Report: It’s safe to return, Eritrean FM tells migrants in Israel

Osman Saleh Mohammed urges his countrymen in Israel to come home, according to a TV news report.

By Batya Jerenberg, World Israel News

The foreign minister of Eritrea is encouraging his fellow countrymen who left the African country over the last decade and long to return that it is now safe to do so due to the recent signing of a peace treaty between Eritrea and Ethiopia, Channel 20 news reported Sunday.

“In this area, there is a definite change for the better,” the report quoted him as saying. “The whole area is calm and there is total quiet. We have good relations with the governments of Ethiopia, Somalia and South Sudan.

Therefore, said the minister, “the Eritreans can return to their country at any moment. There is no problem.”

“If, following the agreement, the duty to enlist is canceled, Israel will be able to return the infiltrators to Eritrea, which is great news for the residents of south Tel Aviv,” Justice Minister Ayelet Shaked said at a Jewish Home party conference following the announcement the truce between the two countries in July.

According to figures published in Ha’aretz, there are 26,801 Eritrean asylum seekers left in Israel. This would amount to approximately half of the infiltrators from Africa who remain after having illegally crossed into the country from Egypt before the government finished building a fence along its southern border in 2015.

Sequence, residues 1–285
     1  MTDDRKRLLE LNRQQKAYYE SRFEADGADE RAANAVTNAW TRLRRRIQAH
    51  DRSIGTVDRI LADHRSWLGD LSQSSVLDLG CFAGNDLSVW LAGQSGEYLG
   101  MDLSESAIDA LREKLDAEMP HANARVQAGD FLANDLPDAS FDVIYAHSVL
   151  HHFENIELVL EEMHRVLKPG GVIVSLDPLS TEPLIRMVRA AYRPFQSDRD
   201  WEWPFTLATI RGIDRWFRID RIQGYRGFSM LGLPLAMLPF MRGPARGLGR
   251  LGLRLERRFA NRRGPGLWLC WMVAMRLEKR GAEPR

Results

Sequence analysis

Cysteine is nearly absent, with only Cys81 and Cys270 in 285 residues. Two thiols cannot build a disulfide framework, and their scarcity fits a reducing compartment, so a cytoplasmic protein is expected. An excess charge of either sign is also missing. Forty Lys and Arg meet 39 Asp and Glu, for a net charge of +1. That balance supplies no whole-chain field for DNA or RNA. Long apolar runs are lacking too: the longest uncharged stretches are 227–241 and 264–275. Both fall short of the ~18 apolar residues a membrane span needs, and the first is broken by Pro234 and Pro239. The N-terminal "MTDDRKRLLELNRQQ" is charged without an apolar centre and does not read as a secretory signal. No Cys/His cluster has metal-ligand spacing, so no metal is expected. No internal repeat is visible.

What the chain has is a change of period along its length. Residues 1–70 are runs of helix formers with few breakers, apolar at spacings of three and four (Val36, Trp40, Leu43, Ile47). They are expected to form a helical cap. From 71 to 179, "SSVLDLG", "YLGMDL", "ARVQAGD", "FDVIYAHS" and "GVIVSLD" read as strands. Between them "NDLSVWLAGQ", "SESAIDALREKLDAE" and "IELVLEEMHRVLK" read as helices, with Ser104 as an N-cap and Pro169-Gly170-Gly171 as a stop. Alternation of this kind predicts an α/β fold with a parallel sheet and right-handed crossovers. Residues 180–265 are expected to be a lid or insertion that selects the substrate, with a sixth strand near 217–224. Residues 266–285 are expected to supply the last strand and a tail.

The overwhelmingly male population claimed that they were escaping open-ended conscription in the Eritrean army, which was fighting a long-term war with neighboring Ethiopia.

A UN commission of inquiry considered the military service tantamount to slavery, and for many years the European Union, the United States and other Western countries let many escapees from that country stay; most were even granted refugee status.

An Israeli court in February ruled that desertion from the Eritrean army is grounds for receiving refugee status in the country.

The government has had some success in getting a few thousand migrants to leave by assisting them in arranging travel documents, paying them $3,500, and giving them a free flight out of the country.

Now that the leaders of the two warring countries have signed a peace agreement in July, ending the 20-year-long conflict, the welcomed move “is accelerating reconsideration of the [deportation] issue,” an Interior Ministry official told Ha’aretz.

“If there’s peace, the main reasons why Eritreans demand recognition as refugees – desertion from the army and draft-dodging – will be less relevant,” he said. “We’re waiting to see how other countries act.”